4 Changes in Rainfall Characteristics
 The changes in rainfall characteristics are analyzed based on the monthly PDFs of rainfall frequency of occurrences (FOC) (Figure 2a) and amount (Figure 2b). The ensemble-mean FOC (Figure 2a, line graphs in logarithmic scale) clearly show that there is a tendency for increase in HR events globally due to CO2 warming. However, the logarithmic scale in the mean FOC plot masks changes in lower rain rates. For a different perspective, the FOC difference plot (Figure 2a, bar chart) displays a consistent and robust model response, i.e., more HR, less MR, and more LR. When the rainfall sensitivity is plotted as a function of rain types, a systematic, canonical pattern in response to CO2 warming is evident, i.e., higher positive sensitivity for increasingly heavy rain, negative sensitivity for moderate rain, and positive sensitivity for light rain (Figure 2b). The sensitivity is quite high (4–10% K−1) for HR bins (9–15 mm day−1), and increases dramatically (30–100% K−1) for EHR bins (> 24 mm day−1). For MR and LR bins, the sensitivity is negative 2–4%K-1, and positive 1–4% K−1, respectively. Analyses of changes of rainfall PDFs over land, ocean separately, and for different latitudinal zones (section S4 and Figure S4 in the auxiliary material) show that the same canonical rainfall redistribution pattern is captured, provided sufficiently large domains are chosen. The canonical rainfall distribution in response to global warming is similar to that shown in a CMIP3 study over tropical land by Lintner et al. . The rainfall sensitivities remain approximately constant for total rain, and for LR and MR, respectively in DCO2 and TCO2 (Table 1), indicating that the overall rainfall response may have reached quasi-steady state under both scenarios. However, for heavy rain, the sensitivity is still evolving, with slightly reduced magnitude averaged for HR but increased for averaged EHR from 27% K−1 to 32% K−1 between the two scenarios. We further note that the sensitivity of the most extreme rain events (rain rate > 60 mm/day) is more than double (from 46% to 102% K−1) from DCO2 to TCO2 (compare Figure S5 in the auxiliary material and Figure 2). These results suggest that the canonical rainfall response to CO2 warming is highly nonlinear and scale selective, with increasing sensitivity in the most extremely heavy rain events as CO2 emissions increase.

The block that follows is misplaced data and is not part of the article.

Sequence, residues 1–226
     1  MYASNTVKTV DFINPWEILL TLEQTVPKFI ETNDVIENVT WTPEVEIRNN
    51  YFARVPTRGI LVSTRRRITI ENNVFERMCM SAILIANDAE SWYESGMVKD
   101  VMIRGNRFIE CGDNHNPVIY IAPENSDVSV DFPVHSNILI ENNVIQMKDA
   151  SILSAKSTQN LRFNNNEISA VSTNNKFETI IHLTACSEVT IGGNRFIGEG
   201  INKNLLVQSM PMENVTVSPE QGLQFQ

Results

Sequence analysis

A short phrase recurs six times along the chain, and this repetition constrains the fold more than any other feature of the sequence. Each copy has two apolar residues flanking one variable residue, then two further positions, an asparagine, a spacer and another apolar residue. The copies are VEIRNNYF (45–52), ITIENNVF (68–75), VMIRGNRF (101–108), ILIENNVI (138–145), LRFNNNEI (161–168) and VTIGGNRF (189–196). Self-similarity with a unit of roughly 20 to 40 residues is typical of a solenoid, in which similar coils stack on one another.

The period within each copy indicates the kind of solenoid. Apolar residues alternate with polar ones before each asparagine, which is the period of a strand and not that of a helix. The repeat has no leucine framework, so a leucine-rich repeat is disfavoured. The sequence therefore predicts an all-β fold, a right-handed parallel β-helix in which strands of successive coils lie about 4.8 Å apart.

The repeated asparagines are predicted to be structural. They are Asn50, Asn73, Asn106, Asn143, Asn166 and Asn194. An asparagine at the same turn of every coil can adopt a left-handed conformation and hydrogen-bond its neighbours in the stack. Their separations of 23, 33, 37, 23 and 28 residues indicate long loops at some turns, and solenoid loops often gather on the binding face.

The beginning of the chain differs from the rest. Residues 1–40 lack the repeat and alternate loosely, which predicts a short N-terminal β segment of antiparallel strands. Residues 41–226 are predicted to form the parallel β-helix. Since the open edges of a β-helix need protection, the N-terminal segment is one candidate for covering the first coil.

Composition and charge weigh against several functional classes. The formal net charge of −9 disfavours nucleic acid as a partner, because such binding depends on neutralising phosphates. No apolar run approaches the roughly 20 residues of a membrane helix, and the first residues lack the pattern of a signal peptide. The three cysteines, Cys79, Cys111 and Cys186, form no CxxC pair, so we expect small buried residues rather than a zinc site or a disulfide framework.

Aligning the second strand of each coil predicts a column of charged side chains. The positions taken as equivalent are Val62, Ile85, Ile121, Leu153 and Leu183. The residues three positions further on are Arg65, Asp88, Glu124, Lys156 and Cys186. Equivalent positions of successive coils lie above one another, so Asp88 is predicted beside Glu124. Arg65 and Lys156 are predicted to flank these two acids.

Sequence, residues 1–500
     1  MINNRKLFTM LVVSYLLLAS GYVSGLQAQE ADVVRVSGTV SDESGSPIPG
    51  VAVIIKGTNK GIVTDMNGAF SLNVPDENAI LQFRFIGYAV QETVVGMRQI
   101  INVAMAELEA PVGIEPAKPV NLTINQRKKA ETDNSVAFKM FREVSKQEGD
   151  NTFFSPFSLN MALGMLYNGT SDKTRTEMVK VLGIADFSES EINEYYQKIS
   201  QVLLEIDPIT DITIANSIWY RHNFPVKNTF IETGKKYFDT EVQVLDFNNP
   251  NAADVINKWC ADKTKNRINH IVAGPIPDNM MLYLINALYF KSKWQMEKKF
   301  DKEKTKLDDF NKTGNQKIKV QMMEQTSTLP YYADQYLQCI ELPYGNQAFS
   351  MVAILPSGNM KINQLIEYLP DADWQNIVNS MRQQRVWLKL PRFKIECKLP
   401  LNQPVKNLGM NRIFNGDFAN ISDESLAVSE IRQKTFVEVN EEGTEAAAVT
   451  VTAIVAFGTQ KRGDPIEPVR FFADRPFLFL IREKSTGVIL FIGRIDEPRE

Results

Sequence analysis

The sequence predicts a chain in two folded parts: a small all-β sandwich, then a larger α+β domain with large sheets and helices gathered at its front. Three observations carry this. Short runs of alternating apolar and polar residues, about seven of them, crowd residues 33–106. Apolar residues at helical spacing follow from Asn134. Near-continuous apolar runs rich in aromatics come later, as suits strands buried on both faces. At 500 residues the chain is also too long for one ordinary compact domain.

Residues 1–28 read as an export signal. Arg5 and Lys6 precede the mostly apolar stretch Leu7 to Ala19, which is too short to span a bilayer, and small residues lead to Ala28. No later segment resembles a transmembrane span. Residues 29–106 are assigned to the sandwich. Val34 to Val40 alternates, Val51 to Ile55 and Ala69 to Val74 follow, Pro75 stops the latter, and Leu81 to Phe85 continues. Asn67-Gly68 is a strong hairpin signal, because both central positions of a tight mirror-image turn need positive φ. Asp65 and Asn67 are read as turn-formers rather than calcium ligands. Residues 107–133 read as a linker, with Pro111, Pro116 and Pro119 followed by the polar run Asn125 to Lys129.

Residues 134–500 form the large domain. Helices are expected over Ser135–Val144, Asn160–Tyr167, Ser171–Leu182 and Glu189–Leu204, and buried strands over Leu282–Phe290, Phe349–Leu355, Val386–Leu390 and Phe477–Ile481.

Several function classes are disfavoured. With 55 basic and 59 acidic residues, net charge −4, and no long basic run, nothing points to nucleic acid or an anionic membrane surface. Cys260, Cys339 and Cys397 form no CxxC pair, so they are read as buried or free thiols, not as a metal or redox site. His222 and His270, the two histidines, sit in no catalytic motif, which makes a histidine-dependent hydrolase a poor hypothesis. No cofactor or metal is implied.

Table 1. Sensitivity (dP/P/dT) of the Ensemble-Mean Global (60°S to 60°N) Precipitation to CO2 Induced Warming for Different Rain Typesa
Extremely Heavy (EH)
aUncertainties are estimated from inter-model standard deviation for different rain types. Units are in % K−1.
1.31 ± 0.38
26.8 ± 19.2
7.25 ± 2.32
−2.51 ± 0.62
1.86 ± 1.30
1.35 ± 0.38
32.1 ± 26.6
6.98 ± 2.40
−2.51 ± 0.56
1.81 ± 1.27
5 Geographic Distributions
 Geographic distributions are shown for the ensemble mean response for total rain, HR, MR, and LR, respectively (Figure 3). Here to emphasize model consistency, a grid-point ensemble value is displayed only if 10 or more models show the same sign of response. There is a large increase in total rain, most pronounced in climatologically wet regions of the tropics, especially over the equatorial western Pacific and the Asian monsoon regions including the northern Indian Ocean, South and Southeast Asia (Figure 3a). Rainfall is also moderately increased over the extratropics of both hemispheres poleward of 50o latitude. A general reduction of rainfall is found in the climatologically dry subtropical oceans, as well as in land regions of Central America and southwestern US, southern Europe/Mediterranean, and South Africa. The CMIP5 projected changes in total rain shown in Figure 3a are consistent with the CMIP3 projected changes shown in the AR4 of IPCC (see IPCC , Figure 10.12a). Our analyses further indicate, as shown in Figure 3b, that most of the increased rainfall in the deep tropics is contributed by HR. Notably, very few regions experience a reduction in HR anywhere in the globe. This is akin to the outcome of throwing a loaded dice with heavy odds in favor of increased HR events due to global warming.